Over 50s cutting back to build inheritance

Robyn Ashman

October 2, 2017

Over 50s are cutting back on essential living costs to save money for and build an inheritance pot for their loved ones, research from Saga Money has found.

The research found that while retired people want to save to pass on an inheritance, their children would rather they spent the money on living today.

More than eight in ten children say they would rather their parents spent their money in retirement than leave them an inheritance, yet four in five parents say they are concerned about leaving an inheritance for their children.

Just under half believe so strongly in the importance of leaving an inheritance they say that they will not spend frivolously in retirement to ensure there is something left behind for their children.

These contrasting views highlight how important it is for families to discuss inheritance openly and honestly, especially if this means parents and grandparents cutting back needlessly on essentials.

The research found that half of parents believe it is important to leave an inheritance for their children, although this sentiment weakens with age, perhaps as the reality of our later life financial position hits home or because as children grow older we see they are less dependent on their parents for financial help.

Londoners most believe it is important to leave something behind for their children (63%). People living in the East Midlands are the most dependent on receiving an inheritance – one in five says that their financial future is dependent on receiving money passed on from their parents, compared with one in seven nationally.

Just a quarter of people over 50 say that they plan to spend their money to ensure that they have a good retirement, rather than leaving it to their children as an inheritance. A third say that they do not think they will have anything left to pass on, with women much more likely to say this than men presumably because they have spent less years contributing to a pension to cover their costs in later life..

The study found that property is the biggest asset that forms part of inheritance – seven out of ten parents said the bulk of the inheritance they leave to their children will come from their home, rising to three quarters of those aged 50 or over. Almost half of parents say that savings will form a big chunk of their children’s inheritance.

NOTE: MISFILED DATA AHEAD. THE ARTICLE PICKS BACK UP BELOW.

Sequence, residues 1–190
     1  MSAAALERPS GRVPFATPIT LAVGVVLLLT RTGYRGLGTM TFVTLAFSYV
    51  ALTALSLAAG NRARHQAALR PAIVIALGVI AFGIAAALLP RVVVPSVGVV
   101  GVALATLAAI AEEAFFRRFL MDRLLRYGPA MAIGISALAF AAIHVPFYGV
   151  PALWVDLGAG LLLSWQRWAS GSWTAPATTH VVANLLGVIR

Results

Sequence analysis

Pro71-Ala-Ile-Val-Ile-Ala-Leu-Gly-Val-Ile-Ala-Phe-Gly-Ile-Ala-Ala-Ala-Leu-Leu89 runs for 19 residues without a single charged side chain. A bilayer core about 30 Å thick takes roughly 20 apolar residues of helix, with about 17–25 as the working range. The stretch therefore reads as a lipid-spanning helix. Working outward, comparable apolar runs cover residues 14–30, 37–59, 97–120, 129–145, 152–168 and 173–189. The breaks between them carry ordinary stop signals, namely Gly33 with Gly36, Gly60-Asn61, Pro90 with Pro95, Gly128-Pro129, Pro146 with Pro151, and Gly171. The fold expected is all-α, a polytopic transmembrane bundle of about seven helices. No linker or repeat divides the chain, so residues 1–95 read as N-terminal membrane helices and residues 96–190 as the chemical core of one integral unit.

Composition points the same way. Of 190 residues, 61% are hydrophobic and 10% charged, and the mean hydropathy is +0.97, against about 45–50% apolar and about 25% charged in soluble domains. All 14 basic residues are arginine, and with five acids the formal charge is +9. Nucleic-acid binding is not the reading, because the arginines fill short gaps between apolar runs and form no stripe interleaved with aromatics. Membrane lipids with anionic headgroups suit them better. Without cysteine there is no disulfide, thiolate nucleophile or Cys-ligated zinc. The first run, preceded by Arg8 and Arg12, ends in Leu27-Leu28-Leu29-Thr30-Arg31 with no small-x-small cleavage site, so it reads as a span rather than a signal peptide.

Alex Edmans, head of the Saga Equity Release Advice Service, said: “Inheritance can be an emotive issue therefore it is important for parents to discuss inheritance with their children, but they should not feel obliged to leave an inheritance.

“For those who would like to leave something behind they should realistically consider how best to use the money they have to make sure they have enough to fulfil their retirement goals and have something left for later life care, as well as what to leave for their children.

“People also need to think about the tax implications on the inheritance they leave. With so many people planning to leave property to their children, it would be worth them considering whether to spend the money built up in their property first and leave their pension for the children to inherit. Much more money can be passed on in pensions tax free, than from property.

“Four in ten over 50s are deciding to give financial gifts to their family while they are still alive, by helping out with house deposits or wedding costs, enabling them to see the positive impact of their inheritance. Indeed one in five people who take out equity release use some of the money to give to family, with the average gift being £31,100 up from £29,000 in 2014.

“Of course it is important for those considering releasing equity from their property to seek specialist advice and make sure they understand the impact this will have on their ability to leave further inheritance in the future.”

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